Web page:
I loved all the characters in this. They were flawed and complicated, they had secrets and they had complicated lives. Everything in this story comes from, or circles back to the death of aunt Connie. Her death leaves people lost, confused, it stirs up the past and her actions have consequences long after she’s gone. It felt like a family story, there are jokes and warm feelings that sisters and family bring, and Moriarty brings to life this small island community where this family have basically reigned for decades.

Caroline Lee did a wonderful job narrating, she has done Moriarty’s previous audiobooks. There was even a bit of extra fun in there when she used the same accent for a background character that she’d used in a previous book and I had a second where I thought a character from an entirely different book had shown up. Was not the case.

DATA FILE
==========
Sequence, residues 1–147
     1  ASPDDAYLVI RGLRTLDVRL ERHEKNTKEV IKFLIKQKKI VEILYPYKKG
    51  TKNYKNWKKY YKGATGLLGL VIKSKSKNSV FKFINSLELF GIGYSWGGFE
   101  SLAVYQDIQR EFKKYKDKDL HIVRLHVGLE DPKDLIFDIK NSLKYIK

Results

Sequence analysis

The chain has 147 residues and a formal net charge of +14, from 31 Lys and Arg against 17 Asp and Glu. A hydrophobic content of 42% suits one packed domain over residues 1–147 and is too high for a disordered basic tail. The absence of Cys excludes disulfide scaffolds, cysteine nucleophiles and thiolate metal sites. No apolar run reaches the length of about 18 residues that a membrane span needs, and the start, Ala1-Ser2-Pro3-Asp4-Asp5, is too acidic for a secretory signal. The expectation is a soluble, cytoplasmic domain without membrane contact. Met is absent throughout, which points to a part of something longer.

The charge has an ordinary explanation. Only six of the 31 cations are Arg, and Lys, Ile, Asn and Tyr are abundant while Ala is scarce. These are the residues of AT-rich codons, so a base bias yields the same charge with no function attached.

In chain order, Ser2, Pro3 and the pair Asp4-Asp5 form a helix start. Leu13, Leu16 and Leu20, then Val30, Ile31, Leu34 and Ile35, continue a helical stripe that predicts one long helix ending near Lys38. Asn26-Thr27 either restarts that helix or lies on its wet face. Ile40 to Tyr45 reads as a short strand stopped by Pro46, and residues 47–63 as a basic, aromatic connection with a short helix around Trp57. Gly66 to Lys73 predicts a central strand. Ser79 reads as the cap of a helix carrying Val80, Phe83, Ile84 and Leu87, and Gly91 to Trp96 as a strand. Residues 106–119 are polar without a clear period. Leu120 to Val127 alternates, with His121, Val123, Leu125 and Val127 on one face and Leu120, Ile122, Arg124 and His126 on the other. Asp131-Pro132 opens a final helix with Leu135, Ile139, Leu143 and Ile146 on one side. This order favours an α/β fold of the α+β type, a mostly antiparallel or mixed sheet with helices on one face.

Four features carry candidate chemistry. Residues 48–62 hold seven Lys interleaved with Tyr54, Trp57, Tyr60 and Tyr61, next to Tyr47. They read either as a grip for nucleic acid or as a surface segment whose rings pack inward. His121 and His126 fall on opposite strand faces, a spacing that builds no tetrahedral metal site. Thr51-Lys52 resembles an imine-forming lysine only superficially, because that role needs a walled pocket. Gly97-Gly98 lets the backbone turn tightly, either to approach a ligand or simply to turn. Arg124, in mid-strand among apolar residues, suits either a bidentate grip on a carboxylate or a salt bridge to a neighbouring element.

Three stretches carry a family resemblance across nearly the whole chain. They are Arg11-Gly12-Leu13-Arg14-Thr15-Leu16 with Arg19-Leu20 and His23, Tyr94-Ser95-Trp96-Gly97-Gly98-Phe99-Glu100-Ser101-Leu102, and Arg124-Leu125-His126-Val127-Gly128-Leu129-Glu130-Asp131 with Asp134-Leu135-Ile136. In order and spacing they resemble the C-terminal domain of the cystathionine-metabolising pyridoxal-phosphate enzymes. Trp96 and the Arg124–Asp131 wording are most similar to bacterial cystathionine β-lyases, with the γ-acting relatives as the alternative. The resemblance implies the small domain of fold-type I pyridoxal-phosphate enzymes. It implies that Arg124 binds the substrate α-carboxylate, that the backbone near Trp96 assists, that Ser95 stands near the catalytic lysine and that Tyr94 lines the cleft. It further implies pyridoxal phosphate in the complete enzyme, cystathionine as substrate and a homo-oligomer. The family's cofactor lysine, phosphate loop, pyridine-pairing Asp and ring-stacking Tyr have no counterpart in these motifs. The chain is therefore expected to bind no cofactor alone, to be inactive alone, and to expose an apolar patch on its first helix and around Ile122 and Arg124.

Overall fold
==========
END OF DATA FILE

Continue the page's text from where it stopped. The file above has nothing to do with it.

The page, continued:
It’s not all little mysteries; Moriarty also covers important topics like poverty, family commitment, and post-natal depression. These are the storylines that make the book interesting, not the mystery, though that is fun in itself. The new girl in a small community and fitting into a family that has such deep history is also a great story and one Moriarty pulls off successfully.

You can purchase The Last Anniversary via the following

Publisher | Booktopia

Amazon | Amazon Aust

Book Depository | A&R Bookworld

Fishpond | QBD